A swing is perhaps the most fun toy children and adults can have. Here are 7 safety tips on how you can swing safely!
Chances are that as a child, you spent several hours a week playing on the swing in the garden.
But when you want to install a swing for your children or yourself, of course, you want it to be safe.
Therefore, in this article, you will get several tips and tricks on how to install a swing safely.
Mainly if the swing will be used intensely, you definitely want to avoid and prevent injuries from falls.
Table of Contents
- 1 Tip 1: Always keep a close eye on children
- 2 Tip 2: Create a safe zone around the swing
- 3 Tip 3: Purchase a quality labeled swing
- 4 Tip 4: Rubber mats as shock absorbers
- 5 Tip 5: Anchor the swing
- 6 Tip 6: Install the swing on a soft surface
- 7 Tip 7: Installing and building the swing yourself: Assessing forces
- 8 How do you swing safely: A side note
Tip 1: Always keep a close eye on children
Always remain present yourself when small children are playing around a swing.
Small children simply do not understand that a swing also comes back.
As a result, they may cross a swing’s path and be hit by other children who are playing.
Are the children a little older, or are even adults using the swings?
Then make arrangements where they can and cannot walk to avoid being hit. In other words, indicate the danger zone.
You could even draw or apply a line and agree that people are not allowed to cross the line at the time of swinging.
This is to avoid, for example, being unsuspectingly knocked over by a swinging adult with some excess weight.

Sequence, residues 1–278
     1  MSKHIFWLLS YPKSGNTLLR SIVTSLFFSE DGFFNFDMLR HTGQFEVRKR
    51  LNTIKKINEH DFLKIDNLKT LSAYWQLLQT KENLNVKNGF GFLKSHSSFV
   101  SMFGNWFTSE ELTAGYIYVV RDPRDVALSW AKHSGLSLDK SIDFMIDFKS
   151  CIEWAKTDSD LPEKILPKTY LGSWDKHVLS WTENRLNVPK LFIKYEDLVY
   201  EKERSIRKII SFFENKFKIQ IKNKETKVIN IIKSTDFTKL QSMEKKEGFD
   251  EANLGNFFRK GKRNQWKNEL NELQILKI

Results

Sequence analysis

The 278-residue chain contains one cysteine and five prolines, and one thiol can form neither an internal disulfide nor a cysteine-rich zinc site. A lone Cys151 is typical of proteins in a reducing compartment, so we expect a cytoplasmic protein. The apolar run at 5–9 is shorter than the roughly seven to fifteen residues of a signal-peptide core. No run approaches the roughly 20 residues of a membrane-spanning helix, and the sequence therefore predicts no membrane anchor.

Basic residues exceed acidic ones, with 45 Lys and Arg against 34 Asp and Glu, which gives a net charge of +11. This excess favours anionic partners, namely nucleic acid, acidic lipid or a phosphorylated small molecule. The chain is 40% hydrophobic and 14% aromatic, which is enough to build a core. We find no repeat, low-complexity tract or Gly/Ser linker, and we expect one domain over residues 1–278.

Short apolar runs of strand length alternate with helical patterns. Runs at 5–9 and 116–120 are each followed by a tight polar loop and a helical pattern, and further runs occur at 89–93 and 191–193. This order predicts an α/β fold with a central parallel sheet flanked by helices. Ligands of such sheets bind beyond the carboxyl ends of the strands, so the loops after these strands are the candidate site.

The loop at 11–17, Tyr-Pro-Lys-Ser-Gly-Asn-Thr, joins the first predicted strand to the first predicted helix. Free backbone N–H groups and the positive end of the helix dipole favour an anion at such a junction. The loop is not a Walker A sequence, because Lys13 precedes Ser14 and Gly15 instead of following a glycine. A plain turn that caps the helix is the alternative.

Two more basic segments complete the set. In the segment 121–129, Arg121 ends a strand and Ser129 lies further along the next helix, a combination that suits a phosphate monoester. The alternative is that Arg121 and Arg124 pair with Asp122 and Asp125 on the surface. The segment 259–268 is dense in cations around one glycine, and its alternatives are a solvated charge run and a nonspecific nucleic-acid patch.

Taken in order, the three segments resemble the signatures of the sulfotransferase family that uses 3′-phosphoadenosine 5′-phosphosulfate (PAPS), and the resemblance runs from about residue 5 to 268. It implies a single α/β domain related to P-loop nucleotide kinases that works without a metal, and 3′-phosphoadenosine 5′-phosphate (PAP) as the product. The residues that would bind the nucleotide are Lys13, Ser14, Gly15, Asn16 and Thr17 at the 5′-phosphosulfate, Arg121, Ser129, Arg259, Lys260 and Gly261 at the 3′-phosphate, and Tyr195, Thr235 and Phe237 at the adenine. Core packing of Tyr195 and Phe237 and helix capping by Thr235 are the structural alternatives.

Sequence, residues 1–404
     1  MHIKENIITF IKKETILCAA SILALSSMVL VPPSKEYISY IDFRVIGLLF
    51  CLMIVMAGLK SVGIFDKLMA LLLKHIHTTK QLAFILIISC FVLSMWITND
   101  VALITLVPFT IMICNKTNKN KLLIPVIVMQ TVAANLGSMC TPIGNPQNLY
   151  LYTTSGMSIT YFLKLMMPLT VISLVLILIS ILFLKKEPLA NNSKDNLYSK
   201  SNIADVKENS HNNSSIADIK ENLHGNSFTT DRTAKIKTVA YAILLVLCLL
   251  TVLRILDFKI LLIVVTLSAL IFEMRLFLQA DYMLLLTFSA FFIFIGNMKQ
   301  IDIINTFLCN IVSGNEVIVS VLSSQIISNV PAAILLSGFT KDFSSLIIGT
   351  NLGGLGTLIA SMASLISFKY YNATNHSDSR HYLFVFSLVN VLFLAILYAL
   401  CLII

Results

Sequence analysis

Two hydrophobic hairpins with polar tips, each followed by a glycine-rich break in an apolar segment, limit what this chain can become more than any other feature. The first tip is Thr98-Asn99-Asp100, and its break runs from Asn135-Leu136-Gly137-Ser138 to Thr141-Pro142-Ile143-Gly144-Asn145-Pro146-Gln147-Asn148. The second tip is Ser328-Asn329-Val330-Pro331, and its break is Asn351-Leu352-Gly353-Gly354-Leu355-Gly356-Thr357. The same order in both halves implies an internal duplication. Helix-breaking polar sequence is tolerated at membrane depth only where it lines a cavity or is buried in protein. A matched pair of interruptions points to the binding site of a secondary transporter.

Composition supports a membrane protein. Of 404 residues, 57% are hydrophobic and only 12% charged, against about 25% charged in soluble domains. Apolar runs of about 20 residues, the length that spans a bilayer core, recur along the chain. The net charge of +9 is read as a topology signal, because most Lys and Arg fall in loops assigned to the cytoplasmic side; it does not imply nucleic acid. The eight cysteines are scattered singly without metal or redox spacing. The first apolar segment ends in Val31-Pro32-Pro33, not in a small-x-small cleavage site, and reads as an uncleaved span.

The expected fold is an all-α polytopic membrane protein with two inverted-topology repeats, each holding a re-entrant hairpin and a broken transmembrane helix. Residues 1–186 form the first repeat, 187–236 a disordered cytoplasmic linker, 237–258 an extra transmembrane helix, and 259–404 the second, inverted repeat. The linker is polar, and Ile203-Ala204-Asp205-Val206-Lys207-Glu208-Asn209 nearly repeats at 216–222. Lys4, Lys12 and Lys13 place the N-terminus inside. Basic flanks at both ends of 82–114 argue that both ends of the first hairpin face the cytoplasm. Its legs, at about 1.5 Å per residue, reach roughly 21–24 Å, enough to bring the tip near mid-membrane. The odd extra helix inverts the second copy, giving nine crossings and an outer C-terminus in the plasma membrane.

Tip 2: Create a safe zone around the swing
Remember that a swing should be in a relatively safe zone.
This means that you should have enough space left both in front of and behind the swing.
Not only to be able to swing securely but also to jump off the swing if desired.
How much space you need depends on the size of the swing.
As a rule of thumb, you could assume that you need about 4.5 meters of clearance at the front and back of the swing.
So make sure there are no plants, walls, hedges, branches, flower pots, or footpaths within this area.
You don’t want someone to walk into the swing zone just when someone is using the swing.
This can cause severe accidents, so it is absolutely crucial to keep the swing zone clear.
Tip 3: Purchase a quality labeled swing
Swings are tested for various safety aspects.
There are obviously less stringent requirements for a garden swing for recreational use than for a swing for intensive use in a public playground.
A swing in your own garden must comply with local regulations and standards.